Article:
On October eighteenth, my team, the New Newtons, had our second launch. I think that our second launch was really good, even though when we checked how high our rocket went, it was lower. I think this happened because two of our fins were wiggly, so we pulled them off and our teacher aide glue it back on, except one side of our rocket had no fins, so the fin placement was really important. Our variable change was our nose cone, because it was really dirty. So we made it pointier on our second nose cone, and I think it turned our really well. On launch two, it was really windy and cold. I think the wind affected the launches for every group. I think that the clinometer readings could be wrong, because it was really chilly, so the clinometer readers might have moved a bit while taking the reading. The hardest part about the whole entire process was that when making the changes, everyone’s decision counted, it wasn’t just my decision, which was pretty hard for me. This is my YouTube video of my model rocket launches.
October 2019 archive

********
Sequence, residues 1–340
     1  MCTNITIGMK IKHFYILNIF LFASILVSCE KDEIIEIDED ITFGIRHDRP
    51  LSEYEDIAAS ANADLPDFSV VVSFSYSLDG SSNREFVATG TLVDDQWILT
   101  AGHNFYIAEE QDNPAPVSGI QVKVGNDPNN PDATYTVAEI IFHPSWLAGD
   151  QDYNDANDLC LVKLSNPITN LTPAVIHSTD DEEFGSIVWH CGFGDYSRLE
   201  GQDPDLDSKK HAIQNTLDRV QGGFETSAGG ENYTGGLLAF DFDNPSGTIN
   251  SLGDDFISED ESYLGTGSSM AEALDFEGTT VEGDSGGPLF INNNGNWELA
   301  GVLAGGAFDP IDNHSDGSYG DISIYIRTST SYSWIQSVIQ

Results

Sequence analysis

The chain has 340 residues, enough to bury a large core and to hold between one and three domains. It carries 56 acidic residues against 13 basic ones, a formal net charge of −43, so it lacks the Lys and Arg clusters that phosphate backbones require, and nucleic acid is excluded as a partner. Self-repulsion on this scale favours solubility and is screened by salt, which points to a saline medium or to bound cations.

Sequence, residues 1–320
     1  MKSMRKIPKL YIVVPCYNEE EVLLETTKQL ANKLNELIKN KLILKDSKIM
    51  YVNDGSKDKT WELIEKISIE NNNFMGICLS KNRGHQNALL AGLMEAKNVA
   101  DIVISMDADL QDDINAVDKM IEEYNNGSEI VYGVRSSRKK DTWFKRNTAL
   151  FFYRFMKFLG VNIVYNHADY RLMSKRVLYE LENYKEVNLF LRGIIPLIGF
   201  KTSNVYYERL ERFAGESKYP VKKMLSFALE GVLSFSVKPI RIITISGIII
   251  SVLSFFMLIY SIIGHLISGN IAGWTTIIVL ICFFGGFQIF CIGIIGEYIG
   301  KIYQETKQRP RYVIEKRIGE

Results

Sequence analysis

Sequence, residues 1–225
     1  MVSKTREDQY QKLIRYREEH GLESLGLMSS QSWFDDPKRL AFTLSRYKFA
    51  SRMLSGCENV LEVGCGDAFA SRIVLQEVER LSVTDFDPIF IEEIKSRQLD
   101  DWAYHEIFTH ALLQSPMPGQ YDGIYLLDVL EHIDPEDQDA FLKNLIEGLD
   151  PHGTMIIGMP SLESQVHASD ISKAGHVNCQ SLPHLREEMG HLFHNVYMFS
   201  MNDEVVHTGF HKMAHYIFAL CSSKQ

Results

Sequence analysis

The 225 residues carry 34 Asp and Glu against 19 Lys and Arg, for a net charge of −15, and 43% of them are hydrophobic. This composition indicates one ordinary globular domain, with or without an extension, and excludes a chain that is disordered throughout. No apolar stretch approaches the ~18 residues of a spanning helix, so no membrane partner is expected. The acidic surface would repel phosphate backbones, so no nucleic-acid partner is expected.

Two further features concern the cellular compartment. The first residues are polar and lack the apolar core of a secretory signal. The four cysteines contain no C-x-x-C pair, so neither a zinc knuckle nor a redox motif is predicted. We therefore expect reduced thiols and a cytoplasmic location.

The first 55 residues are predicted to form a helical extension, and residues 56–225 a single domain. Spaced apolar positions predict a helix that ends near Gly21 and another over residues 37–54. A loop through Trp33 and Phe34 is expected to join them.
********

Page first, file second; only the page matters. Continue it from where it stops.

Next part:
I did a rocket launch today. I think it was pretty fun. I was nervous that my rocket might blow up, but I put six layers of tape to connect the nosecone with the body. In the beginning, we had to do research. I didn’t like it. It was boring to me. But I did like making the inspiration boards. My team made a logo with our team name, the New Newtons, on it. We put pictures and information that we thought would help us on the launch on our board. A few days before, we had to prepare and learn to use the tools that we’ll be using on the launch day. One of them was the clinometer. The clinometer looked like a protractor with an arrow, a button, and a handle. Mastering the clinometer was hard. I was afraid that I would fail to use the clinometer rightly when the launch day came. There was also another tool: the trundle wheel. The trundle wheel measured the distance between the clinometer readers and the rocket. It was very resourceful. The preparation was tricky, but fun. I had three jobs, but only one for my launch. I was the countdown person for my launch. I was really happy to have that job. But I also was a clinometer reader for the group 1,2,3 Blastoff! and was a data recorder for the group the 3 Engineers. After the launch, I really wanted to do it again. I never wanted to stop. My teacher said that it would take an hour minimum for all the rockets to launch, but instead, it took forty five minutes. I think my group worked really well. We didn’t fight. I had to keep on checking my clipboard to see when I was up. And after I did my first job, I almost forgot that my group’s rocket was going to launch, and nearly missed the launch. But good thing I checked my clipboard. It was very useful. We were allowed to bring our iPhones outside. Some people did. I recorded some of the launches for two people. I observed that even though our rocket was the smallest rocket, we went higher than a taller rocket. So I don’t think that the height of the rocket mattered. But we had eight fins, and I think that helped. I don’t think our rocket needs changes. Maybe more tape?